Everything is Connected
“When I was just married into this family a strong wind blew down all the houses in our area. Our own home was blown down too,” remembers Alison, a mother of six from Malaita in the Solomon Islands. “We escaped with only the clothes on our back.”
Everything is connected. No one knows that better than Alison.
Her country – made up of hundreds of islands in the South Pacific – is a microcosm for climate change. Increasingly ferocious winds and rains have wrecked the mangroves that always acted as a natural buffer for the islands. Now the cyclones and sea water make their way inland uninhibited, flattening homes and killing the garden crops that so many Solomon Islanders rely on for food and money.
It's an existential threat for Alison, her children, and the future of their country - one that short term help like food aid won’t solve. “I do not want my children to have to experience this again. I want to protect them from that.”
Alison is part of a group of women and young people training to keep bees.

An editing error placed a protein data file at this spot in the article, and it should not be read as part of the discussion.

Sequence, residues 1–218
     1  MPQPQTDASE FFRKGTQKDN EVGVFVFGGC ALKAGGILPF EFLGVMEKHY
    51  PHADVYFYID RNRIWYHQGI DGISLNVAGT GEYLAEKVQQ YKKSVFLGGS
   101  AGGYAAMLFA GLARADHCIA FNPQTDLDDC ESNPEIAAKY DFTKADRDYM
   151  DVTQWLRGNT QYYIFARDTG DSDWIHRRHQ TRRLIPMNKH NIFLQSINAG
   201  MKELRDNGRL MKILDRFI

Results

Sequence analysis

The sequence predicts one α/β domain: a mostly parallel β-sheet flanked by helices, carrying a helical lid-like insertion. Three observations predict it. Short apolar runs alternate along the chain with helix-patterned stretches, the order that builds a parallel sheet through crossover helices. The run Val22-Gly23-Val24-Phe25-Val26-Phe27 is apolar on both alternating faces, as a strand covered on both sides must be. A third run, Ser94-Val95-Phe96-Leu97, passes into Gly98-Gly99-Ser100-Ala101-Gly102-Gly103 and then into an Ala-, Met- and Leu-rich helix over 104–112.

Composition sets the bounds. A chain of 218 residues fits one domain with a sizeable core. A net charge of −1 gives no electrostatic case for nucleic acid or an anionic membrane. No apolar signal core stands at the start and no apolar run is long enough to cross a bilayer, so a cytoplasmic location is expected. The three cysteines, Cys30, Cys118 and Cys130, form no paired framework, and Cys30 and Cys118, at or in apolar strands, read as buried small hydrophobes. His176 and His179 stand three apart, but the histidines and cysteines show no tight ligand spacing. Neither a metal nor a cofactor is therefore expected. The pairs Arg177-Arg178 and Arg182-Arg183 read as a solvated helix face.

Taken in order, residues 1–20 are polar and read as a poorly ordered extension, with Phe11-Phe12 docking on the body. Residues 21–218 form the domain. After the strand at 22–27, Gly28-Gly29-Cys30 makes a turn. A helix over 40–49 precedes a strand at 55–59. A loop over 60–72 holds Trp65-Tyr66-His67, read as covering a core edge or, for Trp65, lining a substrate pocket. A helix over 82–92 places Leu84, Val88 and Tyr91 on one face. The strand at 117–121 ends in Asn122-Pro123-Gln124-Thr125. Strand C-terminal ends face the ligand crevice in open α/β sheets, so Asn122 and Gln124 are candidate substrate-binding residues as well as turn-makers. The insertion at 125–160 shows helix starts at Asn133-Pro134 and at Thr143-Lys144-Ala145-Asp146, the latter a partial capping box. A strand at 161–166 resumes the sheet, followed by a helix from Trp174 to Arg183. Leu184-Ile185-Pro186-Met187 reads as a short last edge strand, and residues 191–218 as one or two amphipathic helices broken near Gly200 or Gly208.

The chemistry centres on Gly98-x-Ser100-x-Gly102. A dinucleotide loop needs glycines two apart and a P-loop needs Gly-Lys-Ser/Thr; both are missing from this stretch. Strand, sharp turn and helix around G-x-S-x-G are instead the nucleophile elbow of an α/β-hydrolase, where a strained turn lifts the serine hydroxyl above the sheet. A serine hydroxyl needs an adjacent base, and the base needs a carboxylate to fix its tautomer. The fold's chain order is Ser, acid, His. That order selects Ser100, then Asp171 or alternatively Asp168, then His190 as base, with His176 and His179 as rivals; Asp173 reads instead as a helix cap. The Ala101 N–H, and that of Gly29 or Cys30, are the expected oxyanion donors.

Bees love mangroves, which provide a perfect haven. In turn, they pollinate the mangroves, helping them grow. The mangroves then protect the islands – along with wildlife and food sources like fish and crabs - from storms and high tides. They even store carbon deposits that don’t make their way into the atmosphere, effectively slowing climate change globally.
And all the while, the bees produce sweet honey for community farmers to sell.
“With honeybee training I know if I do it well, I am able to earn money for my family,” says Alison. “For 1 kilo it is $200, and I can produce up to $4,000, so I am like "Wow".” With that money, Alison can pay for her children’s school fees, giving them opportunities to thrive. She can make sure they’re well fed too – even when heavy rain inevitably affects her garden in future.
We can’t stop climate change. But by thinking differently, and making connections like these, we can help families adapt and stay safe through the storms ahead.
Country: Solomon Islands
Topic: Natural Habitats
Photo or video credit: Conor Ashleigh/Save the Children
Text Credit: Josephine and Lucy
Date : 1 April 2023